Doreen Moracha from Kenya has been living with HIV all her life. Born with it, she has learned people give the virus too much power hence why the stigma against it still exists.
“I call HIV my tiny guest because it is a very tiny virus even biologically speaking. I realized that people were giving it too much power. You get HIV, you start asking yourself, ‘How will people see me?”, What will people say?”
Doreen found out she had HIV when she was eight years old but learning to live with it has not been without its challenges.
Narrating how she found out she recalls, “the doctor told me, ‘so I want to tell you something and it might change you a little but it’s also a good thing.’ And I tell her, ‘okay, fine, go ahead.’
She tells me ‘you are living with HIV and you were born with it and now you are going to start a special set of medication that are called ARVs (antiretrovirals) and you’re going to take them for the rest of your life.’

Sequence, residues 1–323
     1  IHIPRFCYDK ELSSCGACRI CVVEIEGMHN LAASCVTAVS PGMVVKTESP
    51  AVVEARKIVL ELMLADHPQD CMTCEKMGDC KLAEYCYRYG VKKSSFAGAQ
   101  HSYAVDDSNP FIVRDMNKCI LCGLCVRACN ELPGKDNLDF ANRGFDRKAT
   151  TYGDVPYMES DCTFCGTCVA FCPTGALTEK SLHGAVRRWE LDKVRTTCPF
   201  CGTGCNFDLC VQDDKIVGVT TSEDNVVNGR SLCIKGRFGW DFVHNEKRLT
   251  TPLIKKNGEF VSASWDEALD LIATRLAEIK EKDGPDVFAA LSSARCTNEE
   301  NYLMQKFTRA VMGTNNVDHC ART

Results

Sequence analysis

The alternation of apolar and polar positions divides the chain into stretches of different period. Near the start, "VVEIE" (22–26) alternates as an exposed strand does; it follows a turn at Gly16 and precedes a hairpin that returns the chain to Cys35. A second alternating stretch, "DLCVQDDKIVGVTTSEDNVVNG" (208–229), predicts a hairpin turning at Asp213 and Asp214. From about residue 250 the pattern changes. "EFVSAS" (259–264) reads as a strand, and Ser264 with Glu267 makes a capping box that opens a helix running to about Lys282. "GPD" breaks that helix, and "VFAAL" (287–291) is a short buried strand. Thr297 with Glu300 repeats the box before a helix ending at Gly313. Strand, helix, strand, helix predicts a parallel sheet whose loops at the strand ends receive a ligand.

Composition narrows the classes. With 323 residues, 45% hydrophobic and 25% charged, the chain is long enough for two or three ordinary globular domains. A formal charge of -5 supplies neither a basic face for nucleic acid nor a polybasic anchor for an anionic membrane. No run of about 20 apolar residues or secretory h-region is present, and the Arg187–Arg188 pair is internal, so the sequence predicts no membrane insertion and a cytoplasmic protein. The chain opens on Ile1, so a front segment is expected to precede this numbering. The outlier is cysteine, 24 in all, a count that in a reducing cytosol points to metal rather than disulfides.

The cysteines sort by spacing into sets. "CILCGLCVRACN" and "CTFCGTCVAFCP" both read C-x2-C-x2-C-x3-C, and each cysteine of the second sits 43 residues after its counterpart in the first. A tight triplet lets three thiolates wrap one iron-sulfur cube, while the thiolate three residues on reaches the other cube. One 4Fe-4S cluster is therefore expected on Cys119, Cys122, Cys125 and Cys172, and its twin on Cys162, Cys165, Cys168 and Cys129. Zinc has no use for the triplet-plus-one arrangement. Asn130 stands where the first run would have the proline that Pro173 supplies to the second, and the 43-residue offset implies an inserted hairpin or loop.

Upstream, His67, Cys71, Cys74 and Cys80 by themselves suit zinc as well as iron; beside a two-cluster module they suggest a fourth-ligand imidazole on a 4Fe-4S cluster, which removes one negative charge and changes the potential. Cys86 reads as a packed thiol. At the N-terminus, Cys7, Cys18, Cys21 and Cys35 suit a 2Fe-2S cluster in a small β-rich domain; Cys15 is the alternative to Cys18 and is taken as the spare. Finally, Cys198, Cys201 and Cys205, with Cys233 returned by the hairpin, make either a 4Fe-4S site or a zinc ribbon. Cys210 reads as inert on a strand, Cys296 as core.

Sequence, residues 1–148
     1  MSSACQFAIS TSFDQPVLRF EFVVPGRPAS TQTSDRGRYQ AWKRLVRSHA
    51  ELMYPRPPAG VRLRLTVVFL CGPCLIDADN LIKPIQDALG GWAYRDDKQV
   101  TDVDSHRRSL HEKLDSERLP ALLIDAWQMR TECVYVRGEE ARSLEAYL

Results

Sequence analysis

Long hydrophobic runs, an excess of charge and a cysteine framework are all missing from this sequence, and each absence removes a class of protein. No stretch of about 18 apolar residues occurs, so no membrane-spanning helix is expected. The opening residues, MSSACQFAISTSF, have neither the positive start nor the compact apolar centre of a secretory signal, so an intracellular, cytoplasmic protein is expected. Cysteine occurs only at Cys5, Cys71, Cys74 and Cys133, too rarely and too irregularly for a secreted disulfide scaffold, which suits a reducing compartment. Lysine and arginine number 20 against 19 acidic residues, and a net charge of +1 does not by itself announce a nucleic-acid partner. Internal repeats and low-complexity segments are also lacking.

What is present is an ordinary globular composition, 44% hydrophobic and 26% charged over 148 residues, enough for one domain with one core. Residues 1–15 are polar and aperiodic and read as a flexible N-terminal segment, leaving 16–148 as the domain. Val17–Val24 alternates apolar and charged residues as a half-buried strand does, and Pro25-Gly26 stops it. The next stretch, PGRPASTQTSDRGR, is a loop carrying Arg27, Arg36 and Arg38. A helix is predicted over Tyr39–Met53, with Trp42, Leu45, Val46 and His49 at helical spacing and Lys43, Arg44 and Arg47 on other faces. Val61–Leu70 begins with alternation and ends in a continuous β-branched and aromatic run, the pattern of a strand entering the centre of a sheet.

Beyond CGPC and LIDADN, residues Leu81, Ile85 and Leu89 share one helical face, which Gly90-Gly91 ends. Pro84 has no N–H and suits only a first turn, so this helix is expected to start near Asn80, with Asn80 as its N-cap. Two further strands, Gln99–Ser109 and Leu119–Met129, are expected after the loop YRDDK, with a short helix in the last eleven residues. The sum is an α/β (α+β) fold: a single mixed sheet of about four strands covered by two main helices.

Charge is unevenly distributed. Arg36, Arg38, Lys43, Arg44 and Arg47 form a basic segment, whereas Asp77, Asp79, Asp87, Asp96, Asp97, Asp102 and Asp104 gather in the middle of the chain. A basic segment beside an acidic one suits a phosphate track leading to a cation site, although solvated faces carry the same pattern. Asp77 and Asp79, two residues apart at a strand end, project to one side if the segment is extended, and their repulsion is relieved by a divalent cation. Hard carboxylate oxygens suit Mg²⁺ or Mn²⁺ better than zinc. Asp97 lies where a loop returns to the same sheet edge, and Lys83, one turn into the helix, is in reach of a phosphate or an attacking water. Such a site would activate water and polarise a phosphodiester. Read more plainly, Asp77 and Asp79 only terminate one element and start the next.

In Kenya 1.5 million are living with HIV and over 75% of adults are on antiretroviral treatment. But there is still a stigma around Africa. One area of life where someone living with HIV can suffer due to stigma is in the area of dating.
Doreen says besides dating already being hard, coming as a person living with HIV makes the dating process even harder.
“It’s harder because first of all you have to tell this person you’re living with HIV and then you have to wait for their reaction; it’s probably positive or negative. If they come and they already know you’re living with HIV, it’s kind of complicated because some people behave like they’re doing you a favour by dating you as a person living with HIV.”
Over two-thirds of people with HIV live in Africa. Doreen is hoping to de-stigmatize HIV in Kenya by speaking out.
“We associated death with HIV so much it amounted to stigma and now the new problem is there is nothing that can cure stigma. There is no medication that can cure stigma.”
“Stigma can only be cured by normalizing HIV, normalizing the HIV conversation, talking about it boldly, candidly and enabling people to see that people living with HIV have lives. They’re doctors, they’re nurses, they’re teachers, and they’re lawyers living with HIV.”
“They’re just normal people amongst us,” Doreen Moracha stressed.
And she is doing her part to speak boldly about it.